For many years now, toy cars have been an iconic part of growing up male. Whether it’s Hot Wheels, Micro Machines, Kub Kars or something else, there’s no shortage of options and history is full of them. As such, there’s no surprise that, even as we grow older, the idea of racing toy cars continues to be a fun idea.
Enter Super Toy Cars, a newly-released [email protected] game that has made the jump from its Steam Early Access origins to Microsoft’s Xbox One. Aiming to bring nostalgia-fuelled gameplay to those who love toy cars, it bore a lot of potential and could’ve helped to rejuvenate an almost forgotten sub-genre. However, as is sometimes the case, technical problems and a seemingly rushed development cycle have resulted in a bland and frustrating experience.
Developed by Eclipse-Games, who recently released Tachyon Project through the same [email protected] program, Super Toy Cars is best described as a tabletop racing game. One that, as expected, makes small-scale items look large due to its focus on diminutive vehicles. It’s an interesting idea, and one that we used to see more of, but it wasn’t the drawing board where this game failed.
Despite offering sixteen unique and upgradeable cars, as well as a decent amount of tracks based in different environments — such as a toy store and a child’s bedroom — Super Toy Cars isn’t much fun to play. I put a good amount of time into it, and beat its career mode over the course of three to four hours during one afternoon, but even though I tried to enjoy it, the experience left me bored. Simply put, this game is glitchy, unfair, rudimentary and dated.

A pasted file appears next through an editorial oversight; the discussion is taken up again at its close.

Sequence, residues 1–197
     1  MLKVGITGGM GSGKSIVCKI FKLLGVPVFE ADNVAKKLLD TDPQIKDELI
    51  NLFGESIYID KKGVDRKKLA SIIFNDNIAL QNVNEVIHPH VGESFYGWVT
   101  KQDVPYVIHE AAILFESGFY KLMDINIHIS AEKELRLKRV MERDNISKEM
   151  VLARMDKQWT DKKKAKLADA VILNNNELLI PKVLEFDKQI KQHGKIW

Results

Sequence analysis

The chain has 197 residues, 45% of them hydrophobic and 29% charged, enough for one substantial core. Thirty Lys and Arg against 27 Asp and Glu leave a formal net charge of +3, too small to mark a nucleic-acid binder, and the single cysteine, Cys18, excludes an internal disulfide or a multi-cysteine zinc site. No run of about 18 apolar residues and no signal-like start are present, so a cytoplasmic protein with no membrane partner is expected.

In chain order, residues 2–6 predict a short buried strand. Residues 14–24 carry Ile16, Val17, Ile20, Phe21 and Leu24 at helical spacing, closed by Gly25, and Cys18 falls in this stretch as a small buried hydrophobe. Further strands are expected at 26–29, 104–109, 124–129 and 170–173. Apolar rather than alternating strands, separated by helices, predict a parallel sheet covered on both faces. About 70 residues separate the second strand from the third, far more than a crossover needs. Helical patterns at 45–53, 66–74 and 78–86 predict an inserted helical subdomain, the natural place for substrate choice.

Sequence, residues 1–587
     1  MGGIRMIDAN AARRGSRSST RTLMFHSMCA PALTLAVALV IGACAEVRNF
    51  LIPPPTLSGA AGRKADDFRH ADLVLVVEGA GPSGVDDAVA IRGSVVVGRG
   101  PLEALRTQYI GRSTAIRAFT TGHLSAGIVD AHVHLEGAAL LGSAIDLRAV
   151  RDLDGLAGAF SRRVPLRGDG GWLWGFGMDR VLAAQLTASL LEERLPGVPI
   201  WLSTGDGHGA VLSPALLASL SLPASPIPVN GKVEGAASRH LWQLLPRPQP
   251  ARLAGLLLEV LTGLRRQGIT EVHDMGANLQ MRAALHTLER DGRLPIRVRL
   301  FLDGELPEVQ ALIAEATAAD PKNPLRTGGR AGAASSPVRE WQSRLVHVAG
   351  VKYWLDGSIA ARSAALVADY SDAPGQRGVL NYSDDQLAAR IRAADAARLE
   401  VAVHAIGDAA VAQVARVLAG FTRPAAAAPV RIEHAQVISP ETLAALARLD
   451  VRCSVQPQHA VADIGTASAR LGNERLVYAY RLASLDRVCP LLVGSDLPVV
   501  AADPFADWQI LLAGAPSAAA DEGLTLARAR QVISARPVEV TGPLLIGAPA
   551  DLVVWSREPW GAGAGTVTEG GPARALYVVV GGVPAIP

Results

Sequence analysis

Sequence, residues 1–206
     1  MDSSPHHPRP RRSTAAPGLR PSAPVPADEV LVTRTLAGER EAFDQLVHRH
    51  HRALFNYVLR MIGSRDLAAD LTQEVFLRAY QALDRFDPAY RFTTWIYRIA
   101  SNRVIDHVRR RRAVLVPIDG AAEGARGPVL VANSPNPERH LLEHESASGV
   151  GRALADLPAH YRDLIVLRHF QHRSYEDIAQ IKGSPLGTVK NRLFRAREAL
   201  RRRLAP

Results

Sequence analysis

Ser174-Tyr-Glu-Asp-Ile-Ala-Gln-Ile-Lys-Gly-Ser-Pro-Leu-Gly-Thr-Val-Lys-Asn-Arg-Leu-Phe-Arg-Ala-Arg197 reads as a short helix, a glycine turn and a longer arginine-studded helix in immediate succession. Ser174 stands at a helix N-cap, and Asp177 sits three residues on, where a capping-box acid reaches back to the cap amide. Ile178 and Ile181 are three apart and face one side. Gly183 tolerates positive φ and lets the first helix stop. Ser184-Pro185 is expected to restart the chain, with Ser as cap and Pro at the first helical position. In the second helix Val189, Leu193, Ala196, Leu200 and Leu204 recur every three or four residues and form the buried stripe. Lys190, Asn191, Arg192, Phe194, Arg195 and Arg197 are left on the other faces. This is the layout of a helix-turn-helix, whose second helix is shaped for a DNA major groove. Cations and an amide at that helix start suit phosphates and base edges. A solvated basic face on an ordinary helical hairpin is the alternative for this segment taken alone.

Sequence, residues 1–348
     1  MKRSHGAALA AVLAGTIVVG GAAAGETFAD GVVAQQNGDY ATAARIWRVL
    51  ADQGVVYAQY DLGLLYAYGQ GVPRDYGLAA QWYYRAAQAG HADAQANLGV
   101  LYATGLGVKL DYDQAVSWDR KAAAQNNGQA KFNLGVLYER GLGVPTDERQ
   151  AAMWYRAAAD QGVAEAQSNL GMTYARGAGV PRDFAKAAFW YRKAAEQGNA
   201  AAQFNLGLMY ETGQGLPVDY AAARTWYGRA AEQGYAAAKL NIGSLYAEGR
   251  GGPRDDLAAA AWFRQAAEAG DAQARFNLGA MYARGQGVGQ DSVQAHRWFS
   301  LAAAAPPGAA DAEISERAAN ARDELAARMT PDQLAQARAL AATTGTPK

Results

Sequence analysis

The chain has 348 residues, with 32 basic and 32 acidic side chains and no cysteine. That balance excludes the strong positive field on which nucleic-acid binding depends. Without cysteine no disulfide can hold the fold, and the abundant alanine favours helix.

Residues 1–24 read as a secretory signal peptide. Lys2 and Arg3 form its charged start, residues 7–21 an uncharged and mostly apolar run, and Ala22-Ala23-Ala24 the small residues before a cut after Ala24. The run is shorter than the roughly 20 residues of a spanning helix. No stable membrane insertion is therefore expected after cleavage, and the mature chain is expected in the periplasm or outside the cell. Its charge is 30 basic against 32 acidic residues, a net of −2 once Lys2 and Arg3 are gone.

You’d think that, after having been released on both Steam and Wii U, Super Toy Cars would have come to Xbox One as a polished racing title, but it hasn’t. Its cars casually clip through the environments, while employing poor physics and imprecise controls that will sometimes leave you feeling as if they have a mind of their own.
Another thing about Super Toy Cars is that it suffers from an identity crisis.
Not comfortable with simply being a tabletop car game, it also aspires to be a Mario Kart-esque battle racer. However, while that’s an interesting combination on paper, it ends up being both half-baked and unfinished in execution. That’s because, not only are the power-ups basic and limited (outside of a cool eight ball that rolls over opponents), but the AI hardly ever bothers. They’re few and far between on the courses to begin with, and when you add in the fact that the player is the only one who really uses them, it’s hard not to see the things as a wasted opportunity.
The Wii U version of the game also included a track creator, which is M.I.A. this time around, for some strange reason. It’s a shame, because such a feature would’ve made this lacking experience more robust, by allowing players to create their own tabletop environments. At least the developers included a decent amount of tracks, although none of them are memorable or incredibly well-designed.